Loop on 7
Projections Katarzyna Kozyra’s installation The Rite of Spring, takes its title from a ballet scored by Igor Stravinski and choreographed by Vaclav Nijinsky (1913) and considers the larger questions of dance and performance art from a historically informed and critical perspective. Within three years Kozyra has animated and edited together a sequence of movements, frame after frame, 12000 photos. The layered arrangement of the viewing screens emphasises this simultaneity. After the initial filming of the pure movements, the film is animated, accentuating the re-centered gravity of the dancer’s bodies. Despite the animation and perhaps due to it, the jerky and hysteric gestures create the same sensations of urgency and dread that one experiences in Nijinsky's work.
5 screens, 1 projection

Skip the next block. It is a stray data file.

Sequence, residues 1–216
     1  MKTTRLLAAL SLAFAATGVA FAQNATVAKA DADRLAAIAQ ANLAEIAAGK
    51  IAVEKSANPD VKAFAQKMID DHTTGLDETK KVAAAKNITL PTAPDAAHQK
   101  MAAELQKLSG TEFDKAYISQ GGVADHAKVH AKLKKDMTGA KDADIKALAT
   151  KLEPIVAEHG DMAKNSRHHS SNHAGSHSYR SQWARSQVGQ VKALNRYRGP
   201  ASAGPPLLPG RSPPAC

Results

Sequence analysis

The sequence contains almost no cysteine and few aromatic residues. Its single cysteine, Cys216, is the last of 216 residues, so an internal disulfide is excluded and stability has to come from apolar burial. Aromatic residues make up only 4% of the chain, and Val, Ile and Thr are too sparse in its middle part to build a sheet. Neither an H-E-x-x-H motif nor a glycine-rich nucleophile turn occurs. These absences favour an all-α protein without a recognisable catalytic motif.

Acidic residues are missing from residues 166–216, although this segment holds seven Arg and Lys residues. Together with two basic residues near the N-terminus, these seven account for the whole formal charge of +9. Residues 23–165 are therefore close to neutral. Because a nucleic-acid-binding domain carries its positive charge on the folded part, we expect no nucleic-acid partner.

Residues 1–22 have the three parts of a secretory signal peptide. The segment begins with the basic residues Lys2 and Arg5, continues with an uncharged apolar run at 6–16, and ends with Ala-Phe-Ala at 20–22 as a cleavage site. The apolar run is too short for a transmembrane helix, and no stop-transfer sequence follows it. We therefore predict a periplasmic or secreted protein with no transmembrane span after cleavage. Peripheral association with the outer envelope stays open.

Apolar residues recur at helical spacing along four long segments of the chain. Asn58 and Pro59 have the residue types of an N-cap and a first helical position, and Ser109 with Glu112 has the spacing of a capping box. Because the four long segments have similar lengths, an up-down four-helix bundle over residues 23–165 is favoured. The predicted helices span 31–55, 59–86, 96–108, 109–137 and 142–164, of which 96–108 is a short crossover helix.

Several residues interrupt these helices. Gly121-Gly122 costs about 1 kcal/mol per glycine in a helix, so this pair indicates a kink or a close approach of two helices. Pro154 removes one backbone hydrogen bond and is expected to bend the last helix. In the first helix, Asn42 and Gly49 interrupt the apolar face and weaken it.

This video is a follow-up from Women’s Bathhouse. In Men’s Bathhouse Kozyra, disguised as a young man with a moustache and prosthetic genitals and covering her breasts with a towel, secretly records men in their inner sanctum. Corpulent, frail and elderly, padding about on bare feet or slumped on benches, the men convey anything but confident, world-dominating masculinity; instead they seem vulnerable, contemplative and curiously adrift. Kozyra was castigated for spying on and violating unaware naked males, but the angst she provoked probably had more to do with her visual dismantling of male power.
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